Speaking of the hostile environment; our first night in town had winds gust up to 50 MPH and the wind chill reached a nice tidy -25°C. For the residents it was all part of the scenery even though many of us donned all the large layers of clothing that were supplied by the US Antarctic Program. Despite the cold outside we were warmly welcomed in to this tiny community and before we could sit by the cozy fire or lounge in the bar there was only one stop that mattered. The Palmer Station store, yes we embarked across a surly Southern Ocean and past glaciers to reach this frozen continent to go shopping. Postcards, t-shirts, shot glasses, patches, stickers this place had it all for the visitor. But it also supplied the needs of the residents shampoo, razors, medicines and sodas. And for all it was the mecca of beer, wine and alcohol.

The trip to Palmer was only the very beginning and for most of us it was the trip that had captured our imagination since the very first. Now we were here in Antarctica, glad to set foot on land and discover its mysterious reputation for ourselves. But arriving in Palmer was only a waypoint, a distracting waypoint, but really it was the gateway to our adventure. It was the starting point for 29 days of intense scientific sampling, which will translate to years of laboratory investigation. If we complete the ambitious list of operations that we have planned all hands on board will have earned every moment of their time in Antarctica.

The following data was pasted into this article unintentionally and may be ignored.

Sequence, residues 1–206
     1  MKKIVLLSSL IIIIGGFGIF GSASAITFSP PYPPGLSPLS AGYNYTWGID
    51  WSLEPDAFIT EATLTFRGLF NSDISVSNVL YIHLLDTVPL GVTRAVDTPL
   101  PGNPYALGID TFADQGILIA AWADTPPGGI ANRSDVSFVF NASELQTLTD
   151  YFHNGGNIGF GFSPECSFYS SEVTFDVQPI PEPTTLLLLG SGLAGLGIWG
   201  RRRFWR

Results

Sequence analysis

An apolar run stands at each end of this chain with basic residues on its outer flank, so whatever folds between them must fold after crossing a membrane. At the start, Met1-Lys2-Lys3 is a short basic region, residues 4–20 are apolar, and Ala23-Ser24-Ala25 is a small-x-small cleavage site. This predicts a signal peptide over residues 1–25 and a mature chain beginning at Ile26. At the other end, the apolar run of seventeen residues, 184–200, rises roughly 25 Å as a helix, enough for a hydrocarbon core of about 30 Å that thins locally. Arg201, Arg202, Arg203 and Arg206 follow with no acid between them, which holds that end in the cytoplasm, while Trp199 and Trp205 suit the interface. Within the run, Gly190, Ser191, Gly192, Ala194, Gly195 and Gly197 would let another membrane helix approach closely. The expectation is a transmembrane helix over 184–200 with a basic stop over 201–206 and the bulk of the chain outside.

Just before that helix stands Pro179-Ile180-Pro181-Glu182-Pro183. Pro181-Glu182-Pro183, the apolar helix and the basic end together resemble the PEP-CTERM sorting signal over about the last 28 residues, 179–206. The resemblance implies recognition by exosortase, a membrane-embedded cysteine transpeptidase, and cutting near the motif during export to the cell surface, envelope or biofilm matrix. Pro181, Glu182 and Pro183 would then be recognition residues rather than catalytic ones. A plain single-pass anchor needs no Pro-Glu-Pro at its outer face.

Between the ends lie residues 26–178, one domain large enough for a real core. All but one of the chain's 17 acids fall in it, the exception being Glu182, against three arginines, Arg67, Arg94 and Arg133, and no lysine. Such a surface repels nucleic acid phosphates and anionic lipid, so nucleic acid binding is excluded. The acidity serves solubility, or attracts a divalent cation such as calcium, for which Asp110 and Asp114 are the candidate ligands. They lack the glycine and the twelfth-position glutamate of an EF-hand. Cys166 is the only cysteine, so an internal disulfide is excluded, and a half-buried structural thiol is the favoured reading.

Written by Clifton Nunnally.

Transiting the Drake Passage

We have been transiting across the Drake Passage for over a day now. The seas have been intensifying and the temperature has dropped significantly bringing lots of snow and icy winds. We caught sight of the first iceberg last night! Even from several miles away, it towered above the ocean and had already drifted 100s of kilometers away from the Antarctic continent; quite impressive! The ice continues to increase as we head farther and farther south.